Always an outstanding hitter (six .300-plus seasons in the minors, two AAA batting titles), Easler had been hampered by a lack of adroitness in the field, which, combined with the talent on the teams he was trying to make (e.g., Cesar Cedeno, Lou Brock, Don Baylor, Jim Rice), assured a long wait.

Easler seems out of place at times in the cacophony of the Pittsburgh clubhouse. His favorite singer is Johnny Mathis, and while Easler does a fine impersonation, the sweet strains of Chances Are floating through the air are often drowned out by the heavier disco and salsa beats favored by his teammates.

Chances are Easler doesn't mind. "People see Mike Easler of the Pittsburgh Pirates and think that's just great, but they have no idea of what it took to get here," he says. What today's fans aren't seeing are yesterday's $500-a-month paychecks, or the jobs Easler took to augment that salary: as a bellboy, an assembly-line worker putting together heating registers, an employment-agency temp. "A man has to take care of his family," he says.

Easler never doubted he would make it in baseball, for, as Stargell says, "His heart was always in the game. He could never leave it until he succeeded."

That drive is apparent at the plate, particularly in the clutch, as was demonstrated on May 21 against San Diego when Easler led off the bottom of the ninth with a pinch-hit home run that tied the game at 3-all and ignited the winning rally. On July 1 against St. Louis, Easler's feet won a game for the Pirates. Pinch-hitting in the bottom of the 10th with men on first and third and one out in a 3-2 game, Easler hit an apparent double-play grounder to shortshop but beat out the relay to first to let the winning run in.

Lacy knows a lot about winning, too, even if he has often viewed it only from the dugout. Last year marked his third consecutive World Series and the fourth in six years. "The key to this game is being able to rise to the occasion when it's show time," Lacy says. "I've always known that. Put me out there and I'll play for you." Show time arrives for Lacy almost daily now and refutes the knock that he's nothing more than a glorified substitute. "A yew-til-i-ty player," Lacy says with disdain.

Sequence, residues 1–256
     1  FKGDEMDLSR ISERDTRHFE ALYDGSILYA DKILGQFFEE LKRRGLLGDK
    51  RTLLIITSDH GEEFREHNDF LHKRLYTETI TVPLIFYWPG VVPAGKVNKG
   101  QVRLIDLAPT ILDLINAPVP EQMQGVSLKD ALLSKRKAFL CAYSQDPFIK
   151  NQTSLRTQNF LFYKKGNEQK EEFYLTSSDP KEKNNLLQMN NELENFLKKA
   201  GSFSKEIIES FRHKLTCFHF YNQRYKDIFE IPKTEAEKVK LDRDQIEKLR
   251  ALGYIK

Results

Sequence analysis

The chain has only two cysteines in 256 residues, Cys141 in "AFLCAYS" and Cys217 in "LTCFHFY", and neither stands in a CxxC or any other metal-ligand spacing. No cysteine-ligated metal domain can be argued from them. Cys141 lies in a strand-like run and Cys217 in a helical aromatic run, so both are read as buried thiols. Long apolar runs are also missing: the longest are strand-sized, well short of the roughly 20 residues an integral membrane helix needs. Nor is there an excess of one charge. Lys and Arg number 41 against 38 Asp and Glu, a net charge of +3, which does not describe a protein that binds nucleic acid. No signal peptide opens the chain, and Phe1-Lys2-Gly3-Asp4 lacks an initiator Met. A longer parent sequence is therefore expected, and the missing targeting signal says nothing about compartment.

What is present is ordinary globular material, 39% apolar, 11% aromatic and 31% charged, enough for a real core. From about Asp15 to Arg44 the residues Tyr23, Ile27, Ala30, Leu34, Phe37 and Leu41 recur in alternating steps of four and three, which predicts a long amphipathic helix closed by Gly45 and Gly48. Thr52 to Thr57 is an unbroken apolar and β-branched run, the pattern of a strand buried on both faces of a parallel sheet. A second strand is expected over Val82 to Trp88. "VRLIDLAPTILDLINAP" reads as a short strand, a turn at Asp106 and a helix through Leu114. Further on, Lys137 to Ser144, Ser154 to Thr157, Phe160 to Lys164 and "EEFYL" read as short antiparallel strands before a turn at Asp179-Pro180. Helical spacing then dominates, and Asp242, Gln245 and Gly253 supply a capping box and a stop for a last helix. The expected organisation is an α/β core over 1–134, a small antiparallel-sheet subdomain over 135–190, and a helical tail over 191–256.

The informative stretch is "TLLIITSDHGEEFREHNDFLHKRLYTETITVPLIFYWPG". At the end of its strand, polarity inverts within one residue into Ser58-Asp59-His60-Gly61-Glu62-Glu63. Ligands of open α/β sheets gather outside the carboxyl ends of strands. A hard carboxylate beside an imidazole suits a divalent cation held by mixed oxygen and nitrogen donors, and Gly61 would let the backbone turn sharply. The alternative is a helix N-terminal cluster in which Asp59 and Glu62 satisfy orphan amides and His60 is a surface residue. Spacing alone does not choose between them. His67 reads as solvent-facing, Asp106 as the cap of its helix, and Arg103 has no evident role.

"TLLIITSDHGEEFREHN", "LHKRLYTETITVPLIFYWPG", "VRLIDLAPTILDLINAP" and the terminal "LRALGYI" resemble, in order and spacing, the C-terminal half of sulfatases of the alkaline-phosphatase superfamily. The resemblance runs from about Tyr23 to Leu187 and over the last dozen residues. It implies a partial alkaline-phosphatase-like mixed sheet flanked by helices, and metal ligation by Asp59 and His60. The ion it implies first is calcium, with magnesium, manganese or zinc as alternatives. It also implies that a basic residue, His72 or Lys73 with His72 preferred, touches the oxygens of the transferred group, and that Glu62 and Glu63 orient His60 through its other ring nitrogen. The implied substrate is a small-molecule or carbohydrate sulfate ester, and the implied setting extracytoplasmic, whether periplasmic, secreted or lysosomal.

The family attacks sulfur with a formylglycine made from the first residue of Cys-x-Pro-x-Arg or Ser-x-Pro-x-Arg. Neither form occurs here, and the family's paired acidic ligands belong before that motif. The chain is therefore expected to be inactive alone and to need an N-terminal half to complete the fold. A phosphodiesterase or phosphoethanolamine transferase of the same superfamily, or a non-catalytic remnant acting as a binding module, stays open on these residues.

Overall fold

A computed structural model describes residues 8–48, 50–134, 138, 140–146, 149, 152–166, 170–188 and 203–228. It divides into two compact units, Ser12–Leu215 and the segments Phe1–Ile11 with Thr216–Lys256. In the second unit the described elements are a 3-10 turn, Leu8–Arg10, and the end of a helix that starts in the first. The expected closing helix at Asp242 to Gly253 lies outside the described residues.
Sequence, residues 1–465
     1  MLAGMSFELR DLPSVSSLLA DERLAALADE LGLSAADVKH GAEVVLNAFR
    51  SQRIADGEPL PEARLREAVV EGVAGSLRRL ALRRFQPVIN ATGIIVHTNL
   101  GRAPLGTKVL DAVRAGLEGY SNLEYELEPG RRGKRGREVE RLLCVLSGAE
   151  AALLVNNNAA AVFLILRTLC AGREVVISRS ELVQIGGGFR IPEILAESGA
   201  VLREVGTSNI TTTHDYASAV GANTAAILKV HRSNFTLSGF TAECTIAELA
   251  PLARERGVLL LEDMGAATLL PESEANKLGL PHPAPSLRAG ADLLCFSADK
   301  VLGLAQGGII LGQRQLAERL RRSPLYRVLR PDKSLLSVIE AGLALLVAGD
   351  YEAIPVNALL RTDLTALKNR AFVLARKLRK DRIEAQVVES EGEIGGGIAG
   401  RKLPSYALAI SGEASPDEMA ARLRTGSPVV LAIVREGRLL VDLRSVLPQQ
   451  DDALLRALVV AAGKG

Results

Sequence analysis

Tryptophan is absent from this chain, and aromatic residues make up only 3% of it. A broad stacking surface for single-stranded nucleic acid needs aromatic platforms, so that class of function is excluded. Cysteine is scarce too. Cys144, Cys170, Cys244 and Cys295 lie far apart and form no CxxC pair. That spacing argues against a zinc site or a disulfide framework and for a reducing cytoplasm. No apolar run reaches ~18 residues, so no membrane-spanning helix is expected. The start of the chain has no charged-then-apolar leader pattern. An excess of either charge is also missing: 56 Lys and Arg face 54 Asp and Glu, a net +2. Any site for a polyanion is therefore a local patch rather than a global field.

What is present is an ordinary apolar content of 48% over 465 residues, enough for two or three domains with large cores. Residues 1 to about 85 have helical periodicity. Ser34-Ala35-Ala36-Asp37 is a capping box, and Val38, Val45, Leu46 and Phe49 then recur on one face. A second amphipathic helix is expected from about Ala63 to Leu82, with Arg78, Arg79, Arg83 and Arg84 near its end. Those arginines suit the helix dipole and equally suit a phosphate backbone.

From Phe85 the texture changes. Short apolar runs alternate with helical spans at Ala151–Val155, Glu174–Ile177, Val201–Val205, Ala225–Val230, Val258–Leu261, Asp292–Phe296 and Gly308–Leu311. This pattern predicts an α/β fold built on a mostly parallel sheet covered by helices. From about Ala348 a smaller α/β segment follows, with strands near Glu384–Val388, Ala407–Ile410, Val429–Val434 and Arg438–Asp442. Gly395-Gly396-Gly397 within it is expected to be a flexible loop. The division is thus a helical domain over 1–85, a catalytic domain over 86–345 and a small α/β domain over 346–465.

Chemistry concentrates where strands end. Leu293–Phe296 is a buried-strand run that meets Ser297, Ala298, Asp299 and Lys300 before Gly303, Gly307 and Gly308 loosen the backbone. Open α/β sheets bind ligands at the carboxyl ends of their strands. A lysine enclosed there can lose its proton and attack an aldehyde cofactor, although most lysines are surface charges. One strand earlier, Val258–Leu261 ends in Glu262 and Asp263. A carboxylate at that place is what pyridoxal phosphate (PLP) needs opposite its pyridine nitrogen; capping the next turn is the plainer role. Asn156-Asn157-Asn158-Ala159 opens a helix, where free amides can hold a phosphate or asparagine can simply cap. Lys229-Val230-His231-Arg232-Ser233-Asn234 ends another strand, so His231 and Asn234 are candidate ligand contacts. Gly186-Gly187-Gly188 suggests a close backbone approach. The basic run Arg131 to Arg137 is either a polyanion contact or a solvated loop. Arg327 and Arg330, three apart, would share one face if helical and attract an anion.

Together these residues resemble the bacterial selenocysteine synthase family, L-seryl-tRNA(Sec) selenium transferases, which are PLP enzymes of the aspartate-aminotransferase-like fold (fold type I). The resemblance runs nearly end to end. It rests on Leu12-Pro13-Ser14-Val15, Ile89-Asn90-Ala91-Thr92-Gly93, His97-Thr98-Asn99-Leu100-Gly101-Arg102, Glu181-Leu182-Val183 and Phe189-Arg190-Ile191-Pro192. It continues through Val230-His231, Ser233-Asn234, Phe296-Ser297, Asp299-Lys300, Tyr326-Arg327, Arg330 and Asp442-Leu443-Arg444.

Lacy believes the talk stems from his seven years in L.A., where he was never able to crack the Dodgers' lineup. He also became involved in an "unjust and confusing situation" in 1975, "just when I was coming into my own."

That season, Lacy's first with more than 300 at bats, he had his best year as a hitter—.314. Encouraged by what he says was a verbal commitment from management to give him a starting outfield spot the next season, Lacy went to the Instructional League to master leftfield. But in November he was traded to Atlanta.

The Braves moved Lacy back to the infield for 50 games, then returned him to L.A. Lacy felt he should start every day for the Dodgers and said so. Second Baseman Davey Lopes considered Lacy a threat and maintained that he wasn't good enough to start on the team.

Maybe not, but when Lacy entered the free-agent reentry draft in 1978, he was one of five players selected by the maximum 13 teams. Lacy's self-confidence was demonstrated by the fact that he passed up a chance to join a team for which he would definitely play regularly to become a member of the talent-laden Pirates. Of course, a five-year $1.5 million contract helped him make up his mind.

"No matter what goes down, if you do your job you're going to get your credit somewhere down the line," Lacy says. "I've always been a winner. They know that here and they appreciate it."

Mike Easler couldn't have said it better himself.